In the weeks following the Tony Awards on June 9th, Broadway has seen the closing of many shows in what I call the Reaping Season: King Lear, Network (June 9), Gary: A Sequel to Titus Andronicus (June 16), Hilary & Clinton (June 23), All My Sons, Kiss Me Kate (June 30) and The Ferryman, My Fair Lady, Ink (July 7). In the coming weeks they will be joined by, Be More Chill, The Prom, What the Constitution Means to Me, Frankie & Johnny…, Cher, Pretty Woman and King Kong! Thousands of people have enjoyed these shows; however, they will soon be gone.
So what’s happening on Broadway? Why are all these shows closing?
Some shows last for many years, some for only a few weeks… and some just a few days. I’ve worked on shows that have lasted two years and others that have lasted a few weeks, and even one that lasted just one night! The life expectancy of a show can vary greatly, so I’m often asked why does a Broadway show close. Well, it comes down to one major factor, money.
Broadway is a business and each show is its own company. If the company doesn’t make money, it will go under and close.
The Broadway season goes from the dog days of summer to the springtime Tony Awards. Like the opening number from The Lion King, there is a circle of life on Broadway from hopeful opening, to exciting awards season, to painful closings. Then it all starts again.
After years of development, readings, workshops, out of town tryouts, rehearsals, tech, previews and finally the Broadway opening, it can be heartbreaking to see a show close its doors. Broadway shows need ticket sales to survive and there are many contributing factors that can add or detract from a show’s ability to sell tickets.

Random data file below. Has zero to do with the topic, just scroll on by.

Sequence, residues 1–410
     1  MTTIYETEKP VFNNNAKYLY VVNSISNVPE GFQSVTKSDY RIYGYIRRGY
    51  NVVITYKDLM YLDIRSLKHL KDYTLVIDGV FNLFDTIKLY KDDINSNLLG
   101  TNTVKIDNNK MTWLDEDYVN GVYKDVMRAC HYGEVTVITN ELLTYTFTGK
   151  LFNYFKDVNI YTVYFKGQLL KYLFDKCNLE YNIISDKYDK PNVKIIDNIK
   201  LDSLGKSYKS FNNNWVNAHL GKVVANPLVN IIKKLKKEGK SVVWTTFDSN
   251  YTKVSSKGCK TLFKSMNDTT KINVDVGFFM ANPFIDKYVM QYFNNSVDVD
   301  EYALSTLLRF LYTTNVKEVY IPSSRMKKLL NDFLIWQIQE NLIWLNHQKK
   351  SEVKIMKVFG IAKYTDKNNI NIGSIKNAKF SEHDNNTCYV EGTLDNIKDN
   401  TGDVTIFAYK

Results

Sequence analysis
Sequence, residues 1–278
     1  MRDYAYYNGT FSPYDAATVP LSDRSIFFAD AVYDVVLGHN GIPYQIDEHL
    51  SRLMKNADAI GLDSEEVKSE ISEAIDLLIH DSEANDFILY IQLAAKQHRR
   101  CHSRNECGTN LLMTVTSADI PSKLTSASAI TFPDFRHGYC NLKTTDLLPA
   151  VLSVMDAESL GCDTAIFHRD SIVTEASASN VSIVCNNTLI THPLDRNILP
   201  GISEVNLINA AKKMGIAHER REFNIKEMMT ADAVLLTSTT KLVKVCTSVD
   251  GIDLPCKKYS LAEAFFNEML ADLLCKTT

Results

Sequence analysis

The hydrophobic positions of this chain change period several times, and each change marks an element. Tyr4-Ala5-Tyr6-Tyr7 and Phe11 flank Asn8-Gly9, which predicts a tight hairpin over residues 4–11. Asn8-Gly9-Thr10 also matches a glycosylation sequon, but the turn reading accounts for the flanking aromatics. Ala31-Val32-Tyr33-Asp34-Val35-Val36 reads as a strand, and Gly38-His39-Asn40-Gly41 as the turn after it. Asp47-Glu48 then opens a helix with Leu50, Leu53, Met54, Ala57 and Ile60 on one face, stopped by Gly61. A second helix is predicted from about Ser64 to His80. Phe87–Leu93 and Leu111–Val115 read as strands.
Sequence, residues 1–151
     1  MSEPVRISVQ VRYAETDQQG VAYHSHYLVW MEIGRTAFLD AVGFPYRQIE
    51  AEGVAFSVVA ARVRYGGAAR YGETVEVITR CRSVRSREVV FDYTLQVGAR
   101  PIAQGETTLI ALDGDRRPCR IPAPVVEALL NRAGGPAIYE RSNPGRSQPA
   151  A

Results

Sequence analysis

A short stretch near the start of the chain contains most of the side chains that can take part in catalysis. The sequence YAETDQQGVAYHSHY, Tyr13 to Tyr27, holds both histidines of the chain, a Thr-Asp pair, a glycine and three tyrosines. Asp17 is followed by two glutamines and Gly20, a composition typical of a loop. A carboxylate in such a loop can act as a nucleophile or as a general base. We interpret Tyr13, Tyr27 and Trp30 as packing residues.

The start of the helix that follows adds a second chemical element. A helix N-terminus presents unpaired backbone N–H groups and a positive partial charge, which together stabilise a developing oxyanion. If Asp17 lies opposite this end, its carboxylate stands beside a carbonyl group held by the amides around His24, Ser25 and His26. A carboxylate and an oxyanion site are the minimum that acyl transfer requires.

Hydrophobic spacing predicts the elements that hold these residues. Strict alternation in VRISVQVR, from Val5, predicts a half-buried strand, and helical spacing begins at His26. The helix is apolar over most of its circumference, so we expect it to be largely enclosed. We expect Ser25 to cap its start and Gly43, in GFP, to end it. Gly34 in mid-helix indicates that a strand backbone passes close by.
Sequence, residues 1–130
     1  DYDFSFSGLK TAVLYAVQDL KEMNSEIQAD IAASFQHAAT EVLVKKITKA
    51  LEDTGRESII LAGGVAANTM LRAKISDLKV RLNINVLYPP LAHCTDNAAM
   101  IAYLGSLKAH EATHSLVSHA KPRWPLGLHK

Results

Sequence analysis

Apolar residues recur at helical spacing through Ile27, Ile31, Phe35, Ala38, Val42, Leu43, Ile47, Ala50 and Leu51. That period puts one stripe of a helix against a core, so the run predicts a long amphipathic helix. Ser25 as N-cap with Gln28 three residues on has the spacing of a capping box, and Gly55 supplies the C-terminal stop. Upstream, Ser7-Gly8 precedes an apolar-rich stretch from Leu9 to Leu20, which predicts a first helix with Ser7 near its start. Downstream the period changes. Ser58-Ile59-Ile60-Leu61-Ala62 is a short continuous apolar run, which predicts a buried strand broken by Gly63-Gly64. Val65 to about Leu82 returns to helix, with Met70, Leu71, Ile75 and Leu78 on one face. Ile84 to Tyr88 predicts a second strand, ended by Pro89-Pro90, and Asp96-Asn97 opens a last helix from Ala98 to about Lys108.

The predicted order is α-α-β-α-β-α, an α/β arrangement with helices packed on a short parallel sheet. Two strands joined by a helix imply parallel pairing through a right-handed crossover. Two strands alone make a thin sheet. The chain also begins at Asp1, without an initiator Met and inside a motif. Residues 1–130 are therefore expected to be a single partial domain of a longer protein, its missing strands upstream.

Reviews, marketing, word of mouth, press coverage, social media, and awards all play a part in determining the fate of Broadway shows.
Most apparent are the reviews. Critics write articles about their thoughts and opinions of a show. They can say if it’s worthy of seeing or maybe that it’s a must see (music to producer’s ears!) or they can write it’s bland or boring and not worth the price of admission. These kinds of statements can obviously help or hurt ticket sales.
Word of mouth is a huge factor as personal recommendations carry a lot of weight. However, it takes time to build momentum and ticket sales this way. It’s not always possible for a show to stay while word of mouth matures into ticket sales. Marketing is an important factor as it builds awareness of the show, hopefully increasing the desire to see the show. As awareness of the show in the marketplace increases, so does the likelihood of people to purchase tickets. Press coverage can have a similar affect, but it’s even better, as producers don’t pay for press coverage. Press reps find the good stories to communicate to news outlets, schedule interviews with their stars & celebrities and try to keep the show in the news.
Social media is the newest piece of the puzzle. It’s an extension of word of mouth, but more powerful, as it has a wider reach. It’s fast, spreads quickly and can combine the best of word of mouth with marketing muscle.
Finally, the awards! Awards give shows a powerful tool. People love competition and winners. So Awards become news stories and a strong marketing tool to stand out from other entertainment options. There are many different awards for theatre, but the most prominent is the Tony Awards. With national TV coverage, it has the potential to be in homes all over the country and therefore can be the key to saving a show and/or creating a blockbuster. Just appearing on the show can be a boost to ticket sales, but nothing beats winning to create buzz and generate box office. The shows that win awards, specifically, the big ones (Book, Score, Director and Best Musical/Play) are virtually assured a shot at a profitable run.